A good product causes students (individually and in groups) to rethink what they have learned, apply what they can do, extend their understanding and skill, and become involved in both critical and creative thinking.

Tomlinson & Allan

The product refers to the ways students can demonstrate what they have come to know, understand and be able to do over an extended period of time, such as a term or a unit. For example, students may be asked to keep a portfolio of their work or complete an end of unit project. High quality products may supplement or replace other assessment or evaluation options such as tests.


To differentiate product you can:

  • vary the complexity and depth of the task to match student readiness

  • encourage students to demonstrate learning in a variety of ways e.g. through different modes of expression (not just written language), materials, technologies, etc.

  • include students in the development of the product

  • provide scaffolding as needed to promote success e.g. brainstorming ideas for getting started, mini lessons on research strategies, peer editing and revision, storyboarding, etc.

  • make adjustments for student readiness, interests, ways of working, personal goals e.g. make digital audio or video versions of directions, break the product up into smaller increments, etc.

  • work with students to develop rubrics/criteria for success

Adapted from: Leadership for Differentiating Schools & Classrooms by Carol Ann Tomlinson and Susan Demirsky Allan, ASCD, 2000


Many of the following product ideas have been developed by teachers around the province. These projects all engage students in creative and higher-order thinking. They provide opportunities for students to work in flexible groups and to use talk to learn during the span of the project.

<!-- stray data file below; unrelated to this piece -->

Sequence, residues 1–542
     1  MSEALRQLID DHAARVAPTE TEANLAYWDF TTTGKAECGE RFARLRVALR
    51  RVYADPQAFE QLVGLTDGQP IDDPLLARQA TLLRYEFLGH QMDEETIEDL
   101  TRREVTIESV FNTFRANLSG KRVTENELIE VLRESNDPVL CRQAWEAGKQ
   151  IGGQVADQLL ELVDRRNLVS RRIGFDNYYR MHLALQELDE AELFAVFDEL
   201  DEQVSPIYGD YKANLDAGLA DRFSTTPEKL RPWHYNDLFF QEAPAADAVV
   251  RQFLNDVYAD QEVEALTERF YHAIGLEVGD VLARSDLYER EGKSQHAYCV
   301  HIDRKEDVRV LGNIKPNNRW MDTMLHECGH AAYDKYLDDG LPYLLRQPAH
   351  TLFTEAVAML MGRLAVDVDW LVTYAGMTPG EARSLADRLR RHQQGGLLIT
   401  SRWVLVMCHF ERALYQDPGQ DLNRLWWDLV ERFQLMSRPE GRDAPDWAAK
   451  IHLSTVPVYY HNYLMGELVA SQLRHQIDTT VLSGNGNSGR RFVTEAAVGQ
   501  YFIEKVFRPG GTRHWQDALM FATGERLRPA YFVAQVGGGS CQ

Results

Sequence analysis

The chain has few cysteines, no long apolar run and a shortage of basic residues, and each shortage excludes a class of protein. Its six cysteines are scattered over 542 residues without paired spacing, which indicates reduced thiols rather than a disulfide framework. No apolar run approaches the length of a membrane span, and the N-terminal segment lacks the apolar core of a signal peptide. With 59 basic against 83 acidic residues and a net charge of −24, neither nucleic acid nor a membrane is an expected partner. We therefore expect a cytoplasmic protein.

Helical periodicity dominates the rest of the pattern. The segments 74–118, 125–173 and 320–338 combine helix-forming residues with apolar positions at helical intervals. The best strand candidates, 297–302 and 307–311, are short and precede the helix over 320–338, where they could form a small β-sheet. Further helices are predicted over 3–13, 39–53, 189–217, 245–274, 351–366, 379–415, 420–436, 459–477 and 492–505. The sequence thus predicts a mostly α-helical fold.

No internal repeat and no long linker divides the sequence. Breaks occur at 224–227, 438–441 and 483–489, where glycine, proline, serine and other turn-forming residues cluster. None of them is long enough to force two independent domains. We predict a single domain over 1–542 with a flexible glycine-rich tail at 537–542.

The projects include content, process and product and can be modified or adapted for complexity and/or grade level. Therefore, elementary Cycle One students, Cycle Three students and even secondary students can be involved in creating the same product, e.g. writing a book, at very different levels of development.

Click on the links below to find out more about specific projects.

Write a book or comic

Create a public service announcement, or develop an advertising campaign

Put together a class newspaper, do a news report

Design a new product

  • Younger students could design the packaging for a new cereal, while older students could design plans for a new video game and make a mock-up of the packaging.

Write poetry

Design a game

  • Students can redesign a familiar board game like Monopoly, to demonstrate what they have learned about a particular topic or concept e.g. a game based on the life of someone they have read about.

Create a podcast

  • Click here to read an article that describes the process of creating podcasts with students.

Create a photo story


The following teaching and learning contexts offer multiple opportunities to differentiate the product. For example, in multigenre writing, students create different texts type on topics of interest to them. Click on any project title for more information.

The Info-Comics project is an authentic classroom production context that offers opportunities for differentiation of process and product.

In multigenre writing, students are offered choice of topic and genre and enter the production process following an extensive immersion into texts.

The Youth Subculture Comics project affords more extensive research into the topic and immersion into text. Students create comics that represent the chosen subculture.


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